FEATURE: BOWFUL OF SOUL
Unearthing the many variations of laksa and their legacies.
Laksa: a heartwarming spicy dish that constitutes slurp-worthy rice noodles, fresh toppings and aromatic broth that’s delicious to the last drop. We delve into Singapore’s laksa legacy and the dish’s many variations.
Laksa—where did it come from, and who does it belong to? Perhaps a more important question might be: What exactly is laksa? At its very core, this dish is a spiced broth with noodles, found across the Malay Peninsula (which covers Singapore, Peninsular Malaysia, Southern Thailand and the southernmost tip of Myanmar).
However, any attempts at further componential analysis end there—regional variations abound with regards to the soup base, noodles, and toppings. Noodle types ranging from the more commonly used thick vermicelli or beehoon to more unusual rice rolls (Kelantan laksa) and sago noodles (Pelembang lakso) can be found. Although the noodles and toppings are essential in the laksa equation, the soul of the bowl is undeniably the boldy flavoured spicy broth. Broadly speaking, laksa soup can either be coconut milk-based, assam-based, or a mixture of both, with the choice of stock varying between prawn, pork bones, chicken or fish (often mackerel).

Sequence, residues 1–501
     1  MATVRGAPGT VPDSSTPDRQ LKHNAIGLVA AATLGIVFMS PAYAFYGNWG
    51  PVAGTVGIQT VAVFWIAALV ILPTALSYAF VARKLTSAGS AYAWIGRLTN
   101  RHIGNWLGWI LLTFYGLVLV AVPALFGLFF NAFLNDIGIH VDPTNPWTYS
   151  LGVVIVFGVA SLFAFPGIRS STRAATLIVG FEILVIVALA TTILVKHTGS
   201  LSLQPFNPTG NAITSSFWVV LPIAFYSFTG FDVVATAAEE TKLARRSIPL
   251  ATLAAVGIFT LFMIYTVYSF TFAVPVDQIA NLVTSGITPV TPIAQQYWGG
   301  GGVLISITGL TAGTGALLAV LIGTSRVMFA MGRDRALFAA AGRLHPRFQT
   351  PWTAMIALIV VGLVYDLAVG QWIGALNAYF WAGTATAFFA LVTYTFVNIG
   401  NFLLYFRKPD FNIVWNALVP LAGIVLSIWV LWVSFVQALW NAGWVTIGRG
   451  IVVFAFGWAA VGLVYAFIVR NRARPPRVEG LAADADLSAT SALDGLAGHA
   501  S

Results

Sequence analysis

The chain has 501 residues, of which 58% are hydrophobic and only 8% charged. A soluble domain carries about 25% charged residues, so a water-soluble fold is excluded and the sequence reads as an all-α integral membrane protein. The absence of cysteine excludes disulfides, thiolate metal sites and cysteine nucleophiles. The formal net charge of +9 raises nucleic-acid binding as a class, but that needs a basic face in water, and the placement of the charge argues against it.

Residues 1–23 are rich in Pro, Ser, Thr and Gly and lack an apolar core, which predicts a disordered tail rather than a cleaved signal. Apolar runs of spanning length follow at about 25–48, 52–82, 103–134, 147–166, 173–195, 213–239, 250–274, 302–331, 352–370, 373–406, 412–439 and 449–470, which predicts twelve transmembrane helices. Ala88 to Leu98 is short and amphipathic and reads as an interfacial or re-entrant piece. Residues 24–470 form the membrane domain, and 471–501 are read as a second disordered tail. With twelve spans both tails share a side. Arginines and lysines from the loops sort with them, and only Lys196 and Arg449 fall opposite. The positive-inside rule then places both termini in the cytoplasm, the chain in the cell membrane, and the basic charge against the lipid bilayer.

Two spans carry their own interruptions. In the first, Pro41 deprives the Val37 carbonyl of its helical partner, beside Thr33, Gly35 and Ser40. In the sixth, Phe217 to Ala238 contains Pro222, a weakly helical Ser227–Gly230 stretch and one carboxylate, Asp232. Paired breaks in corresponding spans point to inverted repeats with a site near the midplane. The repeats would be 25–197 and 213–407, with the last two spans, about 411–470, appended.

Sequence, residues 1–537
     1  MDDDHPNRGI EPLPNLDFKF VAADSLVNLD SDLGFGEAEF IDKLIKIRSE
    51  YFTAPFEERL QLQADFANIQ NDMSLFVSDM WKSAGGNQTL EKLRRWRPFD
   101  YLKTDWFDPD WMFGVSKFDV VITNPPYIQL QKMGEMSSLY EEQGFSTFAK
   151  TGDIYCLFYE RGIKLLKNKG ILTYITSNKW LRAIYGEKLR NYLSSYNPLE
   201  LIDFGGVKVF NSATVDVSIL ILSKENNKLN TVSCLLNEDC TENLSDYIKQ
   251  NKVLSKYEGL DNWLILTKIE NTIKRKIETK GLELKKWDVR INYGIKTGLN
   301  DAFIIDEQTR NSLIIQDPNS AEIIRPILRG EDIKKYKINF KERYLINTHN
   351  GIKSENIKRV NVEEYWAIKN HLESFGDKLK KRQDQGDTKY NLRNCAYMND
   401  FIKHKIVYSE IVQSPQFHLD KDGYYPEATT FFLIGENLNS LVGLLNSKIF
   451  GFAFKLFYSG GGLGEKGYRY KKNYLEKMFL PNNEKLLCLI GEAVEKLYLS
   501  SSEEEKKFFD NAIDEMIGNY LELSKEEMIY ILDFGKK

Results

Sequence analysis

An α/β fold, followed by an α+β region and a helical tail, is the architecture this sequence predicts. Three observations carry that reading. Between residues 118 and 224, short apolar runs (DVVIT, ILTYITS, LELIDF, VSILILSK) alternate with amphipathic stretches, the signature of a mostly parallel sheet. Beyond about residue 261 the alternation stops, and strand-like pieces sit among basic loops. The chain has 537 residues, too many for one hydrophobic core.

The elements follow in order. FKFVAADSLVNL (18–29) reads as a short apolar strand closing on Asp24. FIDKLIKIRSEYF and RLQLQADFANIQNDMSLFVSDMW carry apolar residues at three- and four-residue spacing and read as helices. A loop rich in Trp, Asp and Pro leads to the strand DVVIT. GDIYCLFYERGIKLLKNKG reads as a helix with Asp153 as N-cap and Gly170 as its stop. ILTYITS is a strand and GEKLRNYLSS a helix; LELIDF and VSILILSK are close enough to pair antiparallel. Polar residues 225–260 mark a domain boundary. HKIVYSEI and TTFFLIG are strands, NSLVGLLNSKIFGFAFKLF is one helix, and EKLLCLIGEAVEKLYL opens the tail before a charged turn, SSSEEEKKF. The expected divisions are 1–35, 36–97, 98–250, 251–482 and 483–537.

It would be impossible to chronicle all the different laksas available in Singapore however. Apart from the famed Katong laksa that even sparked a heated laksa rivalry among a few stalls back in 2000, there are also many variations of this beloved noodle dish that can be found on this tiny island, and each version is delicious in its own right. For many of these laksa masters, there’s no such thing as short-cuts. The cooks take pride in their rempah (spice blend) and well-infused stock. A couple of them even insist on using charcoal and claypots—laborious methods of yesteryear-—to rustle up their specialities. We embark on a laksa trail around the island, and discover that no two bowls are quite the same.
There are many different types of these beloved noodle dish that can be found on this tiny island, and each version is delicious in its own right. For most of these laksa masters, there’s no such thing as short cuts. The cooks take pride in their rempah (spice blend) and well-infused stock. A couple of them even insist on using charcoal and claypots to
rustle up their specialities.